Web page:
One in Five Young People on Furlough Have Since Lost Their Jobs

Young people and those from ethnic minorities are least protected by the government's Job Retention Scheme, a new report finds.
A bartender pulling pints in a London pub.
Photo: John Phillips/Getty Images

One in five 18 to 24-year-olds who were furloughed during the pandemic ended up losing their jobs, a new report from the Resolution Foundation has found.

According to the think-tank’s “Jobs, Jobs, Jobs” report, this post-furlough fall into unemployment is most common among young people and ethnic minorities. Nineteen percent of 18 to 24-year-olds and 22 percent of ethnic minority workers lost their jobs while furloughed.


Resolution Foundation attribute this to the fact that young people and those from ethnic minorities are more likely to work in sectors hardest hit by the pandemic, including leisure, retail and hospitality.

The figures come at a time when young people in Britain face the worst youth unemployment crisis since the 1980s. The Job Retention Scheme, launched in March by Rishi Sunak, is set to come to an end this week, threatening another drastic rise in unemployment across the UK.

But the Resolution Foundation claims that UK unemployment may actually be higher than previously reported. According to its report, which surveyed 6,061 people, unemployment was at 7 percent in September – far higher than the government figure of 4.5 percent in the three months leading up to August. This figure jumps to 20 percent among 18 to 24-year-olds.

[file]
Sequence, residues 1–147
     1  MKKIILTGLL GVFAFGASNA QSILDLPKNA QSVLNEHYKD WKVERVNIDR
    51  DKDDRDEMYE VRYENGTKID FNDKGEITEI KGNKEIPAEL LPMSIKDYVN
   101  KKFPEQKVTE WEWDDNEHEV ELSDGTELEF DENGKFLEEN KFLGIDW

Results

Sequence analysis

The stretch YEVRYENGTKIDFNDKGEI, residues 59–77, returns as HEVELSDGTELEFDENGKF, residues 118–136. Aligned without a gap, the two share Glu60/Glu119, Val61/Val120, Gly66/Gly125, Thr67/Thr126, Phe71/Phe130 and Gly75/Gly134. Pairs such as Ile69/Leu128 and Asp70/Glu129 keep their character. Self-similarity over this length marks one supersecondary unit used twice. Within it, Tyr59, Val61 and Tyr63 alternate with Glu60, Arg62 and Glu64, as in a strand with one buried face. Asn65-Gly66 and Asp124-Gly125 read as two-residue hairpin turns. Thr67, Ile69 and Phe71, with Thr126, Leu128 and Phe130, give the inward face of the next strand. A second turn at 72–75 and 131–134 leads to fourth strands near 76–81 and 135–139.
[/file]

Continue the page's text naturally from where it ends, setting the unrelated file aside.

This dramatic rise in unemployment, the Resolution Foundation says, is in part due to the difficulty of finding new work when unemployed. Fewer than 43 percent of people who lost their job in March had found new work by September, and only 33 percent of young people had found new work by this point.

Richard Rigby, head of policy and public affairs at youth charity The Prince’s Trust, said: “These figures reflect what we’re seeing at The Prince’s Trust, which is young people being hit hard by the economic impact of the pandemic. The picture is quite bleak, as they already make up 60 percent of the fall in employment since the pandemic began. Yet, it’s very possible we’ll see a further spike in young people falling out of employment as we head into winter.”

“It’s critical for employers, government and charities to work together to help young people to up-skill, re-skill and remain work ready, particularly those from our most diverse communities who COVID continues to impact disproportionately,” he continued. “By giving young people confidence, and providing employment and training opportunities, we can most effectively avoid longer-term unemployment and prevent further disruption to a generation just starting their working lives.”